After the Samanid conquest of Tabaristan the cause of the Zaydi Alids in the Caspian region was taken up by al-Husayn ibn Ali al-Utrush, an Alid who had been a member of the first two Zaydi rulers’ entourage. He fled the battlefield after Muhammad ibn Zayd’s defeat and went to Rayy. The Justanid king, Justan ibn Vahsudan, invited him to Daylam and promised him support to reconquer Tabaristan and to avenge Muhammad ibn Zayd. Justan and al-Utrush led two expeditions to conquer Tabaristan in 902 and 903, but both of these campaigns failed. After these setbacks, al-Utrush left Justan and travelled north of the Alborz range aiming to gather support among the Daylamis and Gilakis there. He succeeded in converted most of the Daylamis in the interior and the eastern Gilaikis who accepted him as their ruler and imam and he took the title al-Nasir li al-Haqq (meaning the supporter of the truth).
On the other hand many of the Gilakis to the west converted to Sunni Islam. Justan, concerned at his loss of authority among the Daylami tribes of the north, tried to oppose al-Utrush and to prevent him from levying taxes. However, al-Utrush had the stronger position and Justan was compelled to swear allegiance to him. In 914 al-Utrush crushed the Samanid army at Burdidah on the Burud River and occupied the city of Amol. A Samanid counter attack forced him back to Chalus the following year, but he was able to push them out within 40 days occupying all of Tabaritsan and Gorgan. Al-Utrush died in 917. He was remembered as a fair and just ruler, even by the Sunni population. Writing about him, the great historian al-Tabari, who was a Sunni and a native of Amol, states “”the people had not seen anything like the justice of al-Utrush, his good conduct, and his fulfilment of the right.”
Al-Utrush was succeeded by the Alid commander-in-chief of his army, al-Hasan ibn Qasim. His Zaydi followers, with the exception of the local Daylamis and Gilakis had been opposed to any of his sons succeeding him because they felt that they lacked the leadership skills and charisma for the role. Even before al-Utrush’s death there had been rivalries and quarrels between his sons and al-Hasan and al-Utrush was compelled to name al-Hasan, due to his powerful position, as his successor. Al-Hasan took the title al-Dai ila al-Haqq. He was initially supported by one of al-Utrush’s sons, Abu al-Hasan Ahmad, against another son, Abu al-Qasim Jafar, who tried to seize the throne by force. Ahmad changed sides and joined his brother forcing al-Hasan to flee after being defeated in battle. He returned with an army from Gilan after seven months, defeated Ahmad in battle and forced Jafar to flee. Al-Hasan came to an agreement with Ahmad whom he appointed as his governor in Gorgan.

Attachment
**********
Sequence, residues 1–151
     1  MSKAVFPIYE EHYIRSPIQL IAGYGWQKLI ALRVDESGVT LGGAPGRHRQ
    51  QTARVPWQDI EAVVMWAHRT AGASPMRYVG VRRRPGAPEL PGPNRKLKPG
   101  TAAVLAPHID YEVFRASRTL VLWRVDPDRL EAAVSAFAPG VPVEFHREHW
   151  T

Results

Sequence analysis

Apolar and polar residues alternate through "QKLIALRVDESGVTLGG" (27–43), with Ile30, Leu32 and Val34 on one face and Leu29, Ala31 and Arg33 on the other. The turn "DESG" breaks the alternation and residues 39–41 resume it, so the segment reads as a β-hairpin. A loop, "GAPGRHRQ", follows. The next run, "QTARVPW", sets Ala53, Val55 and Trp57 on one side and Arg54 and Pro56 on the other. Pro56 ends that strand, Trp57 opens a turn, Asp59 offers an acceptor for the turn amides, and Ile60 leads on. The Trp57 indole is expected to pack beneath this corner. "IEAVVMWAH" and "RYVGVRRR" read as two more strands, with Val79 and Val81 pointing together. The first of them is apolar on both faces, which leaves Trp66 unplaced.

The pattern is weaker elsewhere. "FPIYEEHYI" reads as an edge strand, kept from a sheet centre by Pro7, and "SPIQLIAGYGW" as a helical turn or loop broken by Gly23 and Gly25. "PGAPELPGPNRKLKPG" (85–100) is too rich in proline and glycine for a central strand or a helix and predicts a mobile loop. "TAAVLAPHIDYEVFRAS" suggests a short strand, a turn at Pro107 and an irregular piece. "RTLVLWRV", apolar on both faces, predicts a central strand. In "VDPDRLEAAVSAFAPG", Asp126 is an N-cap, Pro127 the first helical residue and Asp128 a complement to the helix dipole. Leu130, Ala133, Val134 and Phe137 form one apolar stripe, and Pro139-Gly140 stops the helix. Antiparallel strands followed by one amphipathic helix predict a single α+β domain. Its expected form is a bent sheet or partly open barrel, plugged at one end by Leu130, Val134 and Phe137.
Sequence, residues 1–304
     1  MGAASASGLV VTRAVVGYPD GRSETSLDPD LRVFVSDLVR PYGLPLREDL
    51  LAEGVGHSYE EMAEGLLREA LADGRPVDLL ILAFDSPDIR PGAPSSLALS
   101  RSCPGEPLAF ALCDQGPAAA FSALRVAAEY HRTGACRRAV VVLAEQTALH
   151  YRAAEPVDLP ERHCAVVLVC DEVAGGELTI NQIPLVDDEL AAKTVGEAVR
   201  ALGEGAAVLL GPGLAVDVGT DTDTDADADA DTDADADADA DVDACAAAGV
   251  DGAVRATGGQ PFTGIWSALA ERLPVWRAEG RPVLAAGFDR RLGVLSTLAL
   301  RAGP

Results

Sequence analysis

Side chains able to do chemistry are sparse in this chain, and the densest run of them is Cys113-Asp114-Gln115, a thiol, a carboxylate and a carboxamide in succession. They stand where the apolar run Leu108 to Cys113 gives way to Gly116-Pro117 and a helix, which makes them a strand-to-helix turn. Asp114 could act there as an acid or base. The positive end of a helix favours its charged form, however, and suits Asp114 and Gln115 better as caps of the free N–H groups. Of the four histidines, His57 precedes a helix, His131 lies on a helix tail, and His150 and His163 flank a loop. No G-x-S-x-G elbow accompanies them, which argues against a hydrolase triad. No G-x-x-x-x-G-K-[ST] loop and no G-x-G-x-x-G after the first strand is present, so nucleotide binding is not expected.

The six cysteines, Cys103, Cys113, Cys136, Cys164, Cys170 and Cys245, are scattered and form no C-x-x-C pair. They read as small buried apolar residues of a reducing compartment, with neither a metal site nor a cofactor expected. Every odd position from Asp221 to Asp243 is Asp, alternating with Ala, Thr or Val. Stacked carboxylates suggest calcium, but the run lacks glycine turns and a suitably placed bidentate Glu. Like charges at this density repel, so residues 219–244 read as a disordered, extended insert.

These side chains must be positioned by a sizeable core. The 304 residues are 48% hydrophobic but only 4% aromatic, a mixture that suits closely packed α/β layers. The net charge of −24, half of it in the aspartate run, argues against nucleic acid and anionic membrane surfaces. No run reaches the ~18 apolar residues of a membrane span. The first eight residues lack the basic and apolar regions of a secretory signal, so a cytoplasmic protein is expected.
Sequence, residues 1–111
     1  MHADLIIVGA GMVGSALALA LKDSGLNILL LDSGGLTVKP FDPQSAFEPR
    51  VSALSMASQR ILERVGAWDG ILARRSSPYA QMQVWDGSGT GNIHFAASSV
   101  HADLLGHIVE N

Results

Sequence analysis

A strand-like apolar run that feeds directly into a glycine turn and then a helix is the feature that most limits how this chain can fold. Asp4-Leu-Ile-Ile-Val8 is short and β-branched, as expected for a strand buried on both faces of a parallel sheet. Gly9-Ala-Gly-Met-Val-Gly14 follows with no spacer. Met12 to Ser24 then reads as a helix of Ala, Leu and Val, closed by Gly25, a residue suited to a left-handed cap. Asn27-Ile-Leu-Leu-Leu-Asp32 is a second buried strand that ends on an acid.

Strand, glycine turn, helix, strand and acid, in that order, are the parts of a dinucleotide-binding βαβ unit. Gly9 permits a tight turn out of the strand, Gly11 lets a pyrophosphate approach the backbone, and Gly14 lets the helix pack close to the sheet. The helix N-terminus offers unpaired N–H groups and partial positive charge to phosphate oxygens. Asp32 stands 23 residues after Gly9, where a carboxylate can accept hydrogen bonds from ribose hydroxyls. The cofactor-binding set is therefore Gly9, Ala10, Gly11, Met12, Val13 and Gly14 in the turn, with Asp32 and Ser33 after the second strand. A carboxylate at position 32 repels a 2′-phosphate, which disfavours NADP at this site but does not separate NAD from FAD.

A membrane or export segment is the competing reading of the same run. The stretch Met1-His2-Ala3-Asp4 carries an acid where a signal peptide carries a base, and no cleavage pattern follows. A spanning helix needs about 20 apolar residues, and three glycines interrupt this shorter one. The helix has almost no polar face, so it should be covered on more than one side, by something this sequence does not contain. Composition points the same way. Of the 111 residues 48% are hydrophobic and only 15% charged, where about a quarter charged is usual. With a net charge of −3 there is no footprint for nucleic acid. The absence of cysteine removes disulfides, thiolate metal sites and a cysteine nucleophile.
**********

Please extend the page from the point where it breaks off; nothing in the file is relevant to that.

Al-Hasan sent an expedition to conquer to conquer Khurasan in 921. His commander, Lili ibn al-Numan, initially succeeded in conquering Damghan, Nishapur, and Merv. However, Lili’s forces were defeated by the Samanid army and he was killed in battle. Several of the Daylami and Gilaki chiefs from the defeated army hatched a plot to depose and kill al-Hasan. The latter discovered the plot and invited the chiefs to a reception and in a very “red wedding-like” manner had them killed. The direct consequence of this massacre was that a group of the Daylami and Gilaki soldiers in al-Hasan’s army became disaffected and deserted him. With the weakening of al-Hasan, Ahmad once again made common cause with his brother Jafar in 923 and together they succeeded in driving him out of his domains and into the highlands. The brothers did not live long to enjoy their success. Ahmad died two months after defeating al-Hasan while Jafar died in 925.
The fight for Tabaristan
The position of the Alid rulers of Tabaristan became greatly weakened after this point. The constant quarrels among the Alids strengthened the Daylami and Gilaki chiefs who became kingmakers and who used the Alid princes as pawns in their own power struggles against one another. Two Daylami leaders rose to dominance in these power struggles: Makan ibn Kaki and Asfar ibn Shiruya. At one point Makan made common cause with the exiled al-Hasan and restored him to the throne of Tabaristan driving out Asfar (who had scored an initial victory over Makan earlier). Together al-Hasan and Makan set out on a major campaign of conquest and took control of Rayy and the province of Jibal as far as Qum. Asfar, who was now a mercenary in the service of the Samanids took the opportunity of their absence to retake Tabaristan. Al-Hasan rushed back by himself to face Makan. His army was defeated at the gates of Amol, where he was killed in battle by one of Asfar’s officers, Mardavij ibn Ziyar. There was some poetic justice in this end because Mardavij’s uncle was among the chieftains whom al-Hasan had murdered at the reception massacre in 921.
After these events serval Alids were rounded up by Asfar, at the bidding of his Samanid overlord, and sent to Bukhara. The last influential Alid, Abu Jafar, who had been released from prison in Bukhara during civil unrest and revolts in the city attempted to regain power in Tabaristan with the help of Mardavij ibn Ziyar, who had revolted against Asfar. Abu Jafar ultimately failed and retired to Rayy in 943 after its conquest by the Buyid, Rukn al-Dawla and lived there until his death without any political authority. The Alids were unable to recover their power in Tabaristan and the ball was now in the field of Daylami and Gilaki warlords and soldiers of fortune.
After almost a century of Alid rule in the Caspian region and endless military campaigns against both external foes and in internal power struggles, the Daylmis and Gilakis became experienced soldiers. They poured out of their homeland as mercenaries serving the caliphs and the regional dynasties of the Muslim world and as conquering armies carving out empires under the leadership of their chieftains who were now adept generals, many of whom had imperial and dynastic ambitions of their own.
Adam Ali is a lecturer at the University of Toronto.